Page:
Virginia follows the Traditional Approach from the First Restatements of Conflicts (the "Vested Rights" approach). Under the vested rights approach, in breach of contract actions, the forum state applies the law of the state where the contract was executed - unless it is a contract for performance. In that case, the forum court will apply the law of the state where the contract was performed.
Here, Virginia is the place where the contract was "accepted" and executed (during the meeting of the companies' executives in Charlottesville). However, the contract required that Jefferson would deliver the appples to Golden's warehouse in Colorado. Therefore, Colorado is the place of performance and the Court erred when it applied Virginia law to the breach of contract action.
(b) Golden could have filed a motion to remand to have the case remanded back to Virginia state court because (1) the amount in controversy did not exceed $75,000; and (2) the Jefferson is a citizen of Virginia.
Subject matter jurisdiction based on diversity of citizenship requires that there be complete diversity between all plaintiffs and defendants, and that the amount of controversy exceeds $75,000.
Here, there is complete diversity between Golden and Jefferson. A corporation is a citizen of the state in which it is incorporated and its principal place of business. Here, plaintiff Golden is a citizen of both California and Colorado and defendant Jefferson is a citizen of both Delaware and Virginia.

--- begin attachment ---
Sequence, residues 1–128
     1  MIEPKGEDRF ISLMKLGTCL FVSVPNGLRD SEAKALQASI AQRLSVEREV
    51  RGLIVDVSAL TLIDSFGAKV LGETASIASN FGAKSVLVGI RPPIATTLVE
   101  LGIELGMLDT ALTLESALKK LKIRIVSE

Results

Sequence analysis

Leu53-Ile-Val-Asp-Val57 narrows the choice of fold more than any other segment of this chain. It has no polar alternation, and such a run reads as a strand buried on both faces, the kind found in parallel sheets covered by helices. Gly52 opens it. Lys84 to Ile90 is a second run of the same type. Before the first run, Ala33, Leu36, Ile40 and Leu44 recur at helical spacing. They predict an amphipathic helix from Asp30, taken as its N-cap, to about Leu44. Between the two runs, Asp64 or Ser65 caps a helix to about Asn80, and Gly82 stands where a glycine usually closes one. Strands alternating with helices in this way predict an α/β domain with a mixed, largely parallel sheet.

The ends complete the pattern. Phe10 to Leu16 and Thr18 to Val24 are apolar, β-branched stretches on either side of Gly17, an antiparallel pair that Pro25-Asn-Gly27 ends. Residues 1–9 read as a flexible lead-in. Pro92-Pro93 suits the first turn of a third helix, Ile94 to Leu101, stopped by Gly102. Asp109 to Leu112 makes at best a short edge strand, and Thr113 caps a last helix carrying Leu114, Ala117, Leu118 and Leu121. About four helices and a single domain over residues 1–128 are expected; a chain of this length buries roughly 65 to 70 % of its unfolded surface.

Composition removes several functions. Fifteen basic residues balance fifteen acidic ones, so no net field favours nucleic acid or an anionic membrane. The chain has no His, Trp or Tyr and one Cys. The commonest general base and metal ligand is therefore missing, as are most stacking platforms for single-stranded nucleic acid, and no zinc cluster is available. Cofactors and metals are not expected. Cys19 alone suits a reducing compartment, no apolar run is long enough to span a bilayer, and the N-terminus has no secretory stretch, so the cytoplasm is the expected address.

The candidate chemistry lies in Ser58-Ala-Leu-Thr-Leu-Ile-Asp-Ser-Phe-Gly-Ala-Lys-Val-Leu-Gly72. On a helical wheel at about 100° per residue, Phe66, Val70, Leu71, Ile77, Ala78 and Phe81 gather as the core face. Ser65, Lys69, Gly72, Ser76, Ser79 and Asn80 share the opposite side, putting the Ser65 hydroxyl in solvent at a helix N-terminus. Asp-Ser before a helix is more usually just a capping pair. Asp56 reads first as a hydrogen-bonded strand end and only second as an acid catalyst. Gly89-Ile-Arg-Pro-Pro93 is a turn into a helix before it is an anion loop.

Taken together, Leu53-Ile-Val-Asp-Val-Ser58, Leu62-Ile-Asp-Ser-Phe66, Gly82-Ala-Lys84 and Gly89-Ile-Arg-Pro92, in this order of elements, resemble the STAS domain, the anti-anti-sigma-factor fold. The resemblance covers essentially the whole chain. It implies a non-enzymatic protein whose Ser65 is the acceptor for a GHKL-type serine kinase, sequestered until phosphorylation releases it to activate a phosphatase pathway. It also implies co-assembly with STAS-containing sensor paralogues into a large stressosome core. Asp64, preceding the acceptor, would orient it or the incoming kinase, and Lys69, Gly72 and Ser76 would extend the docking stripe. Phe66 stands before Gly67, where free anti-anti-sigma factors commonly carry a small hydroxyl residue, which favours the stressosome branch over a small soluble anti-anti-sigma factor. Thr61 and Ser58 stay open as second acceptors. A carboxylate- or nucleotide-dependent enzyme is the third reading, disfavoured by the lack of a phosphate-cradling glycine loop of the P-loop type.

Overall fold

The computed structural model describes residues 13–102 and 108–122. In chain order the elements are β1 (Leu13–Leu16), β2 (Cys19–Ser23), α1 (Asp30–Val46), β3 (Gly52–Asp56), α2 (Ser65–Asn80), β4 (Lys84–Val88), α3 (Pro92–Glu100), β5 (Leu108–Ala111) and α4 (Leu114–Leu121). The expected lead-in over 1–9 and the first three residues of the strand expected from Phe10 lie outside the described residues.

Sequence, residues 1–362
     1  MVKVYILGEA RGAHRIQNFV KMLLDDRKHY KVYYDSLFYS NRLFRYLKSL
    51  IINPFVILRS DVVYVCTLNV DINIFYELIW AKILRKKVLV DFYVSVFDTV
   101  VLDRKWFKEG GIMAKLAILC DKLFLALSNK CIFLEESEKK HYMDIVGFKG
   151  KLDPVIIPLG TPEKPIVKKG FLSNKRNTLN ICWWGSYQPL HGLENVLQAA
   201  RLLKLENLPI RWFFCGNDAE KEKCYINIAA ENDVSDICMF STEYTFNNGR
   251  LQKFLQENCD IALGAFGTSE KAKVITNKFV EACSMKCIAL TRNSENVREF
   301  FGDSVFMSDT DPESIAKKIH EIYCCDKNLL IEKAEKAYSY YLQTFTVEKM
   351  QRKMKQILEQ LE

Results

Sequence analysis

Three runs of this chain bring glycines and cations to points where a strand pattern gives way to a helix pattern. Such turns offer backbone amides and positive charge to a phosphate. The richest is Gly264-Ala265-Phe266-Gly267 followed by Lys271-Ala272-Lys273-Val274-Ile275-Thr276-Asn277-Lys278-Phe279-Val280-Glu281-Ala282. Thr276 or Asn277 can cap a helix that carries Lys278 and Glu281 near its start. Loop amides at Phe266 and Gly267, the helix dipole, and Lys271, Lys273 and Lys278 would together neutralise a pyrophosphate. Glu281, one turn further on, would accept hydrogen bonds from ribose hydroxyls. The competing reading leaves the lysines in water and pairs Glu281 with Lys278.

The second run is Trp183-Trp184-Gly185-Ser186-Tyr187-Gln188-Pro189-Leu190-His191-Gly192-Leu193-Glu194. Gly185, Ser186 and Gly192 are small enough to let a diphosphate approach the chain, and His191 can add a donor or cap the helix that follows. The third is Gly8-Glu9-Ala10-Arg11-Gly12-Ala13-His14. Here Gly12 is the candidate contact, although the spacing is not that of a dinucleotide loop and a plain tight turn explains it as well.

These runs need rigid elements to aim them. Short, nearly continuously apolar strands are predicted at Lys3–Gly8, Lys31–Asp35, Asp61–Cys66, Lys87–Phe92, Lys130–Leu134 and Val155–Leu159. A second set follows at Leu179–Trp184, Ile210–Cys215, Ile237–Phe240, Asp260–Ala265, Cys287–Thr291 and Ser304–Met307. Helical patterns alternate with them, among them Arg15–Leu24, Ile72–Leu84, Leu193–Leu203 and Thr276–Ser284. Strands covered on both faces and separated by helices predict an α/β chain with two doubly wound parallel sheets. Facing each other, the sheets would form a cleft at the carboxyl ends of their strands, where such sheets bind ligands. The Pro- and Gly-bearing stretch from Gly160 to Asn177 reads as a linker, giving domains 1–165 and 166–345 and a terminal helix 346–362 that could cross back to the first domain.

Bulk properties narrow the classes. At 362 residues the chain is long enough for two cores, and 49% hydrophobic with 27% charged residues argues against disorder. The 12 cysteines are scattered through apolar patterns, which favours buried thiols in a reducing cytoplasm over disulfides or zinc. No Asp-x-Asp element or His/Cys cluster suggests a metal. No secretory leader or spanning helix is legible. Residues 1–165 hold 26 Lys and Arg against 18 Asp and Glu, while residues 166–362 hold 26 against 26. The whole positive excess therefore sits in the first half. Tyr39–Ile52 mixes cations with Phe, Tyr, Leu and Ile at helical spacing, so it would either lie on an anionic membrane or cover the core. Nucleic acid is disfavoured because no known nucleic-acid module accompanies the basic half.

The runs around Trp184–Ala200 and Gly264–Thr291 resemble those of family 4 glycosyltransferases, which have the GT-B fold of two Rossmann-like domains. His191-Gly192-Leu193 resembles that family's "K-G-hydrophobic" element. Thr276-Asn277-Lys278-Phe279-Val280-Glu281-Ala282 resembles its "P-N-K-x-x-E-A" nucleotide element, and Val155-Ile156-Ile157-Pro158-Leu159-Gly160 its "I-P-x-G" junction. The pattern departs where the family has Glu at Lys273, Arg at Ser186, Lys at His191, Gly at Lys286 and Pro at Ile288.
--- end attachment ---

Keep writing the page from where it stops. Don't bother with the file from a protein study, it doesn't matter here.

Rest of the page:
However, the amount of controversy at issue does not exceed $75,000. Subject matter jurisdiction is determined by the face of the complaint. Golden filed a lawsuit claiming damages of $50,000 - which is less than $75,000. The fact that Jefferson counterclaimed for an additional $30,000 is not taken into account because the jurisdictional amount must be met by looking at the complaint.
Subject matter jurisdiction based on diversity of citizenship is improper when a defendant is a citizen of the original state court where the lawsuit was brought. As discussed above, defendant Jefferson is a citizen of Virginia. Since the lawsuit was initally brought in a Virginia state court, subject matter jurisdiction based upon diversity of citizenship was not proper.
The federal court threfore would have granted Golden's motions for remand on both grounds.
(c) The Court should grant Golden's motion for relief from judgment.
Subject matter jurisdiction cannot be waived. The court did not have subject matter jurisdiction over the case because the standards for diversity jurisdiction were not met. Threfore, the Court should grant Golden's motion and vacte the judgment.
FEBRUARY 2014 - QUESTION 6 – EXAMPLE ANSWER #2
(a) No, the court was incorrect in applying Virginia law.
A federal court sitting in diversity must apply the choice of law rules of the state in which the court sits. In this case, the federal court that entered the ruling was the United States District Court for the Western District of Virginia. Thus, Virginia's choice of law rules govern.